Québec City’s rich history, welcoming atmosphere, and year-round activities make it a standout tourism destination. Every season brings with it its own set of unique activities and breathtaking scenery. This list of major attractions can assist you in planning your vacation and ensuring that you have a memorable experience.
1. Stroll around some of North America’s oldest streets in Old Québec.
Admire the scenery from every aspect as you walk around the fortified walls that encircle this UNESCO World Heritage Site. It’s still very much alive, despite its magnificent 400-year history: beautiful in the winter and vibrant in the summer. Old Québec is best explored on foot, with its quaint tiny streets and local shops, and we highly recommend taking a walking tour to learn about its rich history.
The most renowned landmark in Québec City is also the most photographed hotel in the world. It’s certainly worth a visit, whether you’re just passing by for a tour of the Château or staying the night!
Take a stroll along Dufferin Terrace for a spectacular view of the St. Lawrence River and Château Frontenac, as well as live entertainment and a toboggan run in the summer and winter. The terrace, named for Lord Dufferin, a governor general of Canada who adored Québec City, is so popular that it has been enlarged twice since its inception. While you’re there, check out the ruins of the Saint Louis Forts and Châteaux, which are located beneath this famous promenade.
The Ramparts and Gates
Québec is the only walled city north of Mexico, in case you didn’t know. You’ll feel like you’ve traveled back in time as you walk through the Old City’s walls and four gates.
This beautiful pedestrian strip is likely to win you over with its many local stores and enchanting ambience. PetitChamplain is a true memory maker, thanks to its concentration of art galleries and superb bistros.
This historical jewel, Place Royale, is where Québec City was formally created. The city’s architectural environment is characterized by a mix of French and British influences, as seen by the distinctive period architecture.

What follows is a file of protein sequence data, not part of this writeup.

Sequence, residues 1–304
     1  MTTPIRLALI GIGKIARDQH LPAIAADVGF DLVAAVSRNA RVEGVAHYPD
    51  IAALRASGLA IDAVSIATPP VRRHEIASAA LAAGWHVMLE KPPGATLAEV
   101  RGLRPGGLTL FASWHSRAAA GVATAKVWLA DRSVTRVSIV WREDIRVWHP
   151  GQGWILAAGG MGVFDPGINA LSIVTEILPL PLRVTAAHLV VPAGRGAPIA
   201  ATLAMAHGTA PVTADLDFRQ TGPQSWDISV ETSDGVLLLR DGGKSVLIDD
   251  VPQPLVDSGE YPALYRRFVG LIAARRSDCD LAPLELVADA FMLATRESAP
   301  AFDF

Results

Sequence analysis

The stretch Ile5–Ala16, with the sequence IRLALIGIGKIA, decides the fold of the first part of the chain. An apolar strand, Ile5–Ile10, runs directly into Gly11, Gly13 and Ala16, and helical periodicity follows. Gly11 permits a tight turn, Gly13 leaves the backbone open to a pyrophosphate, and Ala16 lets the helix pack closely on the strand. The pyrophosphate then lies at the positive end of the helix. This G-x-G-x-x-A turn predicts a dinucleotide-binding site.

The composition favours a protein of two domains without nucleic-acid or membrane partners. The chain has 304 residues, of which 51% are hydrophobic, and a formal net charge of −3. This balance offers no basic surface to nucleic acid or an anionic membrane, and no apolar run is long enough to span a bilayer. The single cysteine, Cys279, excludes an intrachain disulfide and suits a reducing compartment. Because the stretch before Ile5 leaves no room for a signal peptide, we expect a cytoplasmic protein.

Plains of Abraham
The legendary Battle of Québec, which decided Canada’s fate when the French surrendered the city to the British, took place on the Plains of Abraham.
Citadelle de Québec
The largest British stronghold in North America is located at the peak of the famed Cap Diamant. The Citadelle is a fascinating military historical monument and home to the Musée Royal 22e Regiment, where you can discover more about the regiment’s and the fortress’s history. It was built by the British between 1820 and 1850 to defend the city.
Basilica Cathedral Notre-Dame de Québec
This basilica cathedral, located in the centre of Old Québec, was the site of the first Catholic parish north of the Spanish colonies. Its remarkable architecture reflects its historical significance in the city.
2. Montmorency Falls
See a waterfall that’s 30 metres higher than Niagara Falls
The views of the Montmorency Falls are just magnificent, whether you’re riding the gondola or crossing the suspension bridge. Only 15 minutes from downtown, you can experience the force of nature.
A trail goes along the cliff’s edge from Manoir Montmorency to the suspension bridge at the very top of the falls. Once you’re on the bridge, you’ll be struck by the falls’ incredible strength as it rushes and roars beneath your feet.
Take the gondola for even more spectacular views of the falls as well as a breathtaking vista of Île d’Orléans and Québec City.
If you’re looking for a thrill, the double zipline will take you right up to the falls. On your alone or with a companion, experience the surge of adrenaline. It’ll be the talk of the town for months!
Along the via ferrata, see the falls from a fresh perspective. It’s safe, simple (no carabiner required), and allows you to go up close to the falls on three different routes.
The restaurant and patio of the Manoir
On the patio of Manoir Montmorency, the chef welcomes you to have a seat. The natural panoramic environment is breathtaking, the menu offers a wide variety of delicacies, and the culinary offerings are vibrant and flavorful.
Winter Montmorency Falls
In the winter, the Montmorency Falls become a playground for ice climbers. The mist from the falls freezes into the famed “pain de sucre,” or sugar loaf, an outstanding natural ice sculpture, as soon as the cold sets in
3. National Park of Jacques-Cartier
Visit one of Québec’s most beautiful glacier valleys.